How to Quit Adderall

How to Quit Adderall

Want to quit Adderall but have no idea where to start? You’re already on the right track.

Adderall, a prescription medication used primarily to treat Attention Deficit Hyperactivity Disorder (ADHD), is a widely misused drug. If you or a loved one are considering quitting Adderall, it's crucial to understand the potential withdrawal symptoms, the quitting process, and the benefits of discontinuing this drug.

Understanding Adderall

Adderall is a combination of two stimulant drugs, amphetamine and dextroamphetamine. These stimulate the central nervous system, boosting the levels of certain brain chemicals and increasing alertness, attention, and energy.

Adderall and ADHD

In individuals with ADHD, Adderall serves as an effective treatment, helping them focus, control their behavior, and maintain a normal life. However, when misused or taken in excessive amounts, it can lead to addiction, physical dependence, and severe mental and physical health issues.

Adderall Misuse and Addiction

Adderall misuse is common, especially among teens and young adults. Some misuse it to enhance academic performance, while others use it recreationally for its euphoric effects. Long-term misuse can lead to a physical and psychological dependence, meaning the body becomes reliant on the drug to function normally.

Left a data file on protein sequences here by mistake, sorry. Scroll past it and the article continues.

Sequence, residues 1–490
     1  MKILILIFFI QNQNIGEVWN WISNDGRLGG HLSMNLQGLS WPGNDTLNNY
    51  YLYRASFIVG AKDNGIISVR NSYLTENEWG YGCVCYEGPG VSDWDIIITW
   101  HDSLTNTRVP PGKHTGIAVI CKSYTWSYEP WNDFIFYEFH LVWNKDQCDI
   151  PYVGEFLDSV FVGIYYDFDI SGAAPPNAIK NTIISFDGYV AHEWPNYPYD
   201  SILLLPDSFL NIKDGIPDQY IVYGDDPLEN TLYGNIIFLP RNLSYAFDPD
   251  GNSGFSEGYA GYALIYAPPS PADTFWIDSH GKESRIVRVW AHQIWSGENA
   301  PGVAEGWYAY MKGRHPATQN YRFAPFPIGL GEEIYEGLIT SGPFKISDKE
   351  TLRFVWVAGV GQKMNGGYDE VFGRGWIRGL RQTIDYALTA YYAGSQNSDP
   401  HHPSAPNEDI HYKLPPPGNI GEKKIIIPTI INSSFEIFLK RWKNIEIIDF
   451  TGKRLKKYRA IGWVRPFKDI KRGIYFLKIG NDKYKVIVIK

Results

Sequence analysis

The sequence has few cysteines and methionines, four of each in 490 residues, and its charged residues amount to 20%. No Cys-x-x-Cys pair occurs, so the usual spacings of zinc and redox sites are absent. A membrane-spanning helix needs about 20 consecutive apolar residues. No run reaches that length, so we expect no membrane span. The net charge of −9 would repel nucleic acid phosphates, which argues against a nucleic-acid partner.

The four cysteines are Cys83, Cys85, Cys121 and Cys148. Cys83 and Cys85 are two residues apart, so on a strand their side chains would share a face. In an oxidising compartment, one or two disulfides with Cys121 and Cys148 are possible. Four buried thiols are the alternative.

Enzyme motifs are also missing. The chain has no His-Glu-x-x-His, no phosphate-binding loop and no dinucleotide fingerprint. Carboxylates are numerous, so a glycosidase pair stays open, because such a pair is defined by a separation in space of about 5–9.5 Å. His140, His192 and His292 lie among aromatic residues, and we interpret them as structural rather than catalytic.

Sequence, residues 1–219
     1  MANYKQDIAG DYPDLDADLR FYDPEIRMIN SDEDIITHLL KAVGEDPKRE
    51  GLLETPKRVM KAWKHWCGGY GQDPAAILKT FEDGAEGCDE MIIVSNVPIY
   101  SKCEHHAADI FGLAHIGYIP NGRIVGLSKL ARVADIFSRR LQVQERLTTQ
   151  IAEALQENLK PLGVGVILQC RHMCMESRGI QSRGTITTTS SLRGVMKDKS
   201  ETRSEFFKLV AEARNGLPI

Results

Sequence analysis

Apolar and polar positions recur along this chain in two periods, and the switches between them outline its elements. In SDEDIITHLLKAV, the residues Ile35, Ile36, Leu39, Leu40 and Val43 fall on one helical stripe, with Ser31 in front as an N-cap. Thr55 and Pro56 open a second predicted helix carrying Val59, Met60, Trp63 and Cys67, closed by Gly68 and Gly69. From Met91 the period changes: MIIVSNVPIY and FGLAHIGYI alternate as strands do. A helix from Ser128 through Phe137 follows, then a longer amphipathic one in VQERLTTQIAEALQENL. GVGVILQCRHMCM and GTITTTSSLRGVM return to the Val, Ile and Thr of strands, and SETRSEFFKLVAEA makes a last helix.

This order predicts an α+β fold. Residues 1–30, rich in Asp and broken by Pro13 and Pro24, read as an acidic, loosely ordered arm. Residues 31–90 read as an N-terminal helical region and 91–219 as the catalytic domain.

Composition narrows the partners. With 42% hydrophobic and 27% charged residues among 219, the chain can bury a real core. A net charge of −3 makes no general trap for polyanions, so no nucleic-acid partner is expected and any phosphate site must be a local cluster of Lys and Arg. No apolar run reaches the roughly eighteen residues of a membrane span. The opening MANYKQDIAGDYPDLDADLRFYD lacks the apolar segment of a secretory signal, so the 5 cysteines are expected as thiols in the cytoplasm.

When someone who is dependent on Adderall stops taking it, they may experience withdrawal symptoms. The severity of these symptoms can vary depending on several factors, including how long the person has been using the drug and the amount they have been taking.

Understanding Adderall Withdrawal

When a person stops taking Adderall, whether abruptly or through a gradual tapering process, they may experience withdrawal symptoms. These symptoms can vary in intensity and duration depending on factors such as the duration and dosage of Adderall use, individual physiology, and mental health history. Common symptoms of Adderall withdrawal include:

  • Fatigue
  • Sleep disturbances
  • Irritability
  • Increased appetite
  • Distressing dreams
  • Inability to feel pleasure
  • Suicidal thoughts

It's important to note that withdrawal symptoms may differ from person to person, and not everyone will experience all of these symptoms. Some individuals may have mild symptoms or no symptoms at all.

The Timeline of Withdrawal Symptoms

Withdrawal symptoms can last from a few days to several weeks. The first few days typically involve acute symptoms like fatigue, sleep disturbances, and depression. After the initial phase, these symptoms may continue but usually at a less severe level.